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Wrongful Death Lawsuit Filed Over SGLT-2 Inhibitor Diabetes Drug Risks

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According to allegations raised in a wrongful death lawsuit filed by the family of a Kentucky man, side effects of Invokana or another similar diabetes drugs caused fatal kidney failure and respiratory failure injuries. 

The lawsuit was filed by Donna Royse, on behalf of her husband, Terry Royse, on November 28 .

The complaint (PDF) was filed late last month by the family of Terry Royse in the in the U.S. District Court for the Eastern District of Kentucky, indicating that Johnson & Johnson, it’s Janssen Pharmaceuticals subsidiary, Eli Lilly, Mitsubishi Tanabi Pharma, Boehringer Ingelheim, Bristol-Myers Squibb Co. and AstraZeneca each failed to disclose the risks associated with diabetes drugs that are part of a new class of medications, known as sodium-glucose co-transporter 2 (SGLT2) inhibitors.

SGLT-2 inhibitors are work in a different way from other diabetes treatments, impacting the normal kidney functions to increase the amount of sugar excreted in the urine. Invokana was the first member of this new class to hit the market, introduced in early 2013 and aggressively marketed to consumers and doctors as a superior new type of treatment. However, as more individuals have switched to the drug, and other SGLT2 inhibitors which followed, such as Farxiga, Jardiance, Invokamet, Glyxambi and Xigduo, a steady stream of serious side effects have emerged.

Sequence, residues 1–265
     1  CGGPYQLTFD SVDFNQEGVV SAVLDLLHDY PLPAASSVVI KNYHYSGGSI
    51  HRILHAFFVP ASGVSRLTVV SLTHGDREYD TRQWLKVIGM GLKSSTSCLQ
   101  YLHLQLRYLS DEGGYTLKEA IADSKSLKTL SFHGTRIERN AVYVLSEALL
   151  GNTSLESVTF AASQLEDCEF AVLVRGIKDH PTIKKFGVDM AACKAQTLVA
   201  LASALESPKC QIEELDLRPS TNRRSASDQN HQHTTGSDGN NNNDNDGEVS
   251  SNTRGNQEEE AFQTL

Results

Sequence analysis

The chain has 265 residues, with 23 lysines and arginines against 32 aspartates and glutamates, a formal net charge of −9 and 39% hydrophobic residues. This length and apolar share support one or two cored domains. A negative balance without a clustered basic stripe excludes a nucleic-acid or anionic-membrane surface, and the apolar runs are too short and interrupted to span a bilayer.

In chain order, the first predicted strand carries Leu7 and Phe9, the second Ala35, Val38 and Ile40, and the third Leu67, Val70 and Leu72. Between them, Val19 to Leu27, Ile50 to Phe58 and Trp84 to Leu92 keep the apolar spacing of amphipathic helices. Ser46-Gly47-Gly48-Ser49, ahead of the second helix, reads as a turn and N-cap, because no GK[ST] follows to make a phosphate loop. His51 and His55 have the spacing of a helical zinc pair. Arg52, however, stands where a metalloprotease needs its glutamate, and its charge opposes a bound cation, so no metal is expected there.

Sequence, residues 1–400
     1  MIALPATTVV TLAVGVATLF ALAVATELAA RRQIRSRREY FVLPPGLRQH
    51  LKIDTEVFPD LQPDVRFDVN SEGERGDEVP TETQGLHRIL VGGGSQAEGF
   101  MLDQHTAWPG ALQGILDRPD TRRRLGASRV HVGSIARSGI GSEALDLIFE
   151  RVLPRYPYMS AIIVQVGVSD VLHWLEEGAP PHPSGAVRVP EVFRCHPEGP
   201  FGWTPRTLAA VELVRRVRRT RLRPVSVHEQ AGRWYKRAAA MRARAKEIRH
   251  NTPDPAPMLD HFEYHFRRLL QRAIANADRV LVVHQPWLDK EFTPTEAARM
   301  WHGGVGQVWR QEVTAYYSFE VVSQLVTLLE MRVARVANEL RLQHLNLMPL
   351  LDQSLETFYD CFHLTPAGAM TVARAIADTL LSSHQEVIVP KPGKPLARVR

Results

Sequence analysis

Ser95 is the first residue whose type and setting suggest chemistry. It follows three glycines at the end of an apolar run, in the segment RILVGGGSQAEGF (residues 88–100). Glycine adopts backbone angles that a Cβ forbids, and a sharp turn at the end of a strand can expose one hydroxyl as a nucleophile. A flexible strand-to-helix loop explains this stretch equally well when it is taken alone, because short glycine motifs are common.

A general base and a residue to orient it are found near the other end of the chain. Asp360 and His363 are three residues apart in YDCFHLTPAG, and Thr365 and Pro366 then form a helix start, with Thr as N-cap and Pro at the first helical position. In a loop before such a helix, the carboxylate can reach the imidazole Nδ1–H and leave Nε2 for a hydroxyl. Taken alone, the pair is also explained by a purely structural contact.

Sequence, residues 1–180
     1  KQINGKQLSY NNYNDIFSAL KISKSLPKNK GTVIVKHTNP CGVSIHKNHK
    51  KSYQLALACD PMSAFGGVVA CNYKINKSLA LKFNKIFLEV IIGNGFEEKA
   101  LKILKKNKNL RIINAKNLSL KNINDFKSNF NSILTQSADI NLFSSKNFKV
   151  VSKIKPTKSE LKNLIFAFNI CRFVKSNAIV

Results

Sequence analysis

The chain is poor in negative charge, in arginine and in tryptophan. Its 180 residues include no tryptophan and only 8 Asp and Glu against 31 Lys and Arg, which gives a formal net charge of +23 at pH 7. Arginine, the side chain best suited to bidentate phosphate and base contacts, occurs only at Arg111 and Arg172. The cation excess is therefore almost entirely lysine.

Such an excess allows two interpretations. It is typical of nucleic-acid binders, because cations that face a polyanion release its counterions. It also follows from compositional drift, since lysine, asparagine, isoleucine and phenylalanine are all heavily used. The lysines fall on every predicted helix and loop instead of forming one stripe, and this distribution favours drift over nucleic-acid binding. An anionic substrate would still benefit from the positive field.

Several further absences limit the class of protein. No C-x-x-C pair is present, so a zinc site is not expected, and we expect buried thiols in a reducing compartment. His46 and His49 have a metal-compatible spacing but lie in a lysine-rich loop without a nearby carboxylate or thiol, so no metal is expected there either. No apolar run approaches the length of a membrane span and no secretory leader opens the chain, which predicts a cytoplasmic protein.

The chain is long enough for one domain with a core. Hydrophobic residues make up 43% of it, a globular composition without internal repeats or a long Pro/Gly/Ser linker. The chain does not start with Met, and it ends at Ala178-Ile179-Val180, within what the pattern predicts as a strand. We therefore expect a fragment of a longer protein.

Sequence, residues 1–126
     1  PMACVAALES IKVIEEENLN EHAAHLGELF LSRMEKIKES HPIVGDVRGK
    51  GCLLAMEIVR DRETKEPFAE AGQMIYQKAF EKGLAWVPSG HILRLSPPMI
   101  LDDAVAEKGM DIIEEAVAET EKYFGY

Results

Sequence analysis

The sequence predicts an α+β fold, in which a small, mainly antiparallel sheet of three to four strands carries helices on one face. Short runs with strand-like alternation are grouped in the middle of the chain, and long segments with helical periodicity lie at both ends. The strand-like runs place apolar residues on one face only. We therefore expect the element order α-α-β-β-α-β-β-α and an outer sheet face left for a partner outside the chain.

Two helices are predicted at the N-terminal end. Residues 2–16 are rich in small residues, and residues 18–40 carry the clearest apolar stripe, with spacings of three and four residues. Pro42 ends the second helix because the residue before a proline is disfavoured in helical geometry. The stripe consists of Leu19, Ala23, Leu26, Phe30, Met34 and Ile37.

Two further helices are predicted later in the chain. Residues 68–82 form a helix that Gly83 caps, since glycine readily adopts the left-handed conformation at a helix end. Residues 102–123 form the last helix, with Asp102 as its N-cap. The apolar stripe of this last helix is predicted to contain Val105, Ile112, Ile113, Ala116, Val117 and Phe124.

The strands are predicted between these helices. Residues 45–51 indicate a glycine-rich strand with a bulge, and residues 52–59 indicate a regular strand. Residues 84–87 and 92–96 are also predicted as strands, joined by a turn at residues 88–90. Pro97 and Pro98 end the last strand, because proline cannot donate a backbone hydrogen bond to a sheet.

The lawsuit indicates that Royse was prescribed SGLT2 inhibitors to reduce his blood glucose levels. However, the family claims that the medications caused him to suffer respiratory failure, kidney damage, kidney failure and ultimately took his life. The lawsuit names the manufacturers of every SGLT2 inhibitor on the market and does not specify which drug or drugs Royse ingested. However, the complaint alleges that all of the defendants have failed to provide adequate warning to consumers and the medical community about the risk of serious health problems associated with the new class of drugs.

“Despite Defendants’ knowledge of the increased risk of severe injury among SGLT2 inhibitor users, Defendants did not warn patients, including Decedent, but instead continued to defend SGLT2 Inhibitor, mislead physicians and the public, and minimize unfavorable findings,” the lawsuit states.

The case joins a growing number of similar Invokana lawsuits, Farxiga lawsuits and other cases filed against other SGLT2 inhibitor manufacturers filed in recent months, including claims by other individuals who developed diabetic ketoacidosis, kidney failure, heart attacks and other injuries.

SGLT-2 inhibitor diabetic ketoacidosis problems can cause low blood sugar, low potassium levels that can interfere with the functioning of the heart, muscles and nervous system, and can also cause swelling of the brain. If left untreated, ketoacidosis can result in loss of consciousness and even death.

In December 2015, the FDA required Johnson & Johnson and the makers of other SGLT2 inhibitors to add new diabetic ketoacidosis warnings to their medications, urging users to stop taking the drug and seek immediate medical attention if they experience symptoms like abdominal pain, fatigue, nausea, respiratory problems or vomiting.

In May 2015, the Institute for Safe Medication Practices (ISMP) conducted a detailed review of adverse event reports submitted to the FDA during the first year Invokana was on the market, and identified a potential risk of kidney damage with SGLT2 inhibitors, raising questions about whether the benefits provided by the medication justify the risk.

In June 2016, the FDA required the drug makers to add new Invokana safety warning, indicating that the medication may increase the risk of acute kidney injury and other severe health problems.

As SGLT-2 inhibitor diabetes drug injury lawyers continue to review and file claims for individuals nationwide, it is widely expected that hundreds, if not thousands, of additional lawsuits may be filed in the coming months and years.

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